I miss working as much as I used to work, but now I am creating my own projects. I wrote and produced a short film, The True Meaning of Love, which went to four film festivals. It’s a pro-life project from a secular perspective that I was inspired to create while praying in front of the tabernacle. Now I’m writing and trying to create and secure investors for new projects. I’m praying, “God, I’m trying everything. I’m not giving up! I’m writing and knocking on doors, but you need to open those doors.” God is my everything: my manager, my best friend, my producer, my everything. I always have God’s support.
I’m pushed at this point in my career to create my own projects both because of the types of roles I choose to accept and also because God is pushing me to grow as an artist.
Q: You have been named one of People magazine’s “50 Mas Bellas” (50 Most Beautiful) three times. How does being a woman of faith make you more beautiful?
A: Thanks to my faith, I’m more beautiful on the inside. That reflects outside, because it’s the love of God. It’s not me — it’s his faith, his love. If you see good in me, it’s God! We become instruments of the love of God, and that reflects. Even though we aren’t perfect, and we may become angry or sad at times, the light of Jesus Christ in our hearts will be reflected in our external beauty. Others see a glow in me, but what they really see is Jesus Christ reflected in me.
Q: You and your husband have recently begun foster parenting and recently foster-adopted your first son, Mateo. How is Mateo’s adoption and your relationship with your daughter an answer to prayer?
A: It’s a huge blessing. Angela graduated from high school and is now in college. She is a great child, a good girl. We had tried for many years to have more children and weren’t able to. We were seeking a way to adopt but it wasn’t happening, and then God put it into our hearts to become foster parents. Suddenly, we had the opportunity to bring baby Mateo into our home. He is a precious child with a beautiful personality. He is always smiling. … He’s pure love!
Q: As you move forward in your career and in your family life, what do you hope for, and how do you want to encourage others?
A: I think big! My dream-come-true would be to be cast regularly in popular family movies with great messages. I’ve always wanted to keep growing spiritually, as a wife and mother and in my career. I would love to be able to be on the big screen, but that desire is not in an egocentric way now. It’s because I know that I have a beautiful message to share with people. The more people know me, the more they will listen. I’m not the perfect example, but with God by my side I could be a good example for more young people. I see my daughter, a beautiful girl with a strong, faithful heart, and I know that it’s the presence of God in our lives that makes her that way. I’d love to share that with other young men and women.
I used to care about winning an Oscar. Now, I care about winning the hearts of people through God’s love. That’s my Oscar! If I can touch people’s hearts through my art, I think that’s the best way to serve God and others. The power of film, the power of the pen, can be used for bad or for good. We have to stay in the battle and trust that God will open the doors he wants us to walk through.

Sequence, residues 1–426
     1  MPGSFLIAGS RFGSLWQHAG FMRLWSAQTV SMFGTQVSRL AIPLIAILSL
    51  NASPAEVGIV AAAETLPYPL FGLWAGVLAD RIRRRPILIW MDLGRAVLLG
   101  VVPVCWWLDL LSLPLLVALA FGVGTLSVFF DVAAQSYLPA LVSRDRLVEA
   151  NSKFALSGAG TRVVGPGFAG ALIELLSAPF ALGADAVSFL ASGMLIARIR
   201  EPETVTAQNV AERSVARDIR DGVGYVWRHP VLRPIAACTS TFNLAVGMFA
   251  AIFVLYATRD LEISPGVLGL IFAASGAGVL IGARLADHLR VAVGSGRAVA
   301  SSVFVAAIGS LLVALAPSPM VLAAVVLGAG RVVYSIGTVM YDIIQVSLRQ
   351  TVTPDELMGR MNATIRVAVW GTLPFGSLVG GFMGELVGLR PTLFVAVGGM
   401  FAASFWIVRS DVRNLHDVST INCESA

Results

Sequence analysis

When we close ourselves off because of fears or because of what others think, we stop growing. That’s the enemy! When we put all those fears aside and allow God’s blessings to pour through our lives in our careers, as parents, as whatever we are in life, we keep growing. God wants us to grow. His love is abundance and light. We must let that light and love permeate us and fill the world around us. Nobody is perfect, and being a person of faith is not easy. We are not expected to be perfect! I’ve realized, in my brokenness, that where Jesus loves us the most is in our brokenness because that’s when we need him the most. Don’t be too harsh on yourself, keep trying every day, and know that God is with you always.
The ‘beauty’ that saves
My hope for all of you who are artists is that you will have an especially intense experience of creative inspiration. May the beauty which you pass on to generations still to come be such that it will stir them to wonder! Faced with the sacredness of life and of the human person, and before the marvels of the universe, wonder is the only appropriate attitude. …
Beauty is a key to the mystery and a call to transcendence. It is an invitation to savor life and to dream of the future. That is why the beauty of created things can never fully satisfy. It stirs that hidden nostalgia for God which a lover of beauty like St. Augustine could express in incomparable terms: “Late have I loved you, beauty so old and so new: late have I loved you!”
Artists of the world, may your many different paths all lead to that infinite ocean of beauty where wonder becomes awe, exhilaration, unspeakable joy.
May you be guided and inspired by the mystery of the Risen Christ, whom the Church in these days contemplates with joy. (Excerpt from Letter of His Holiness Pope John Paul II to Artists, 16)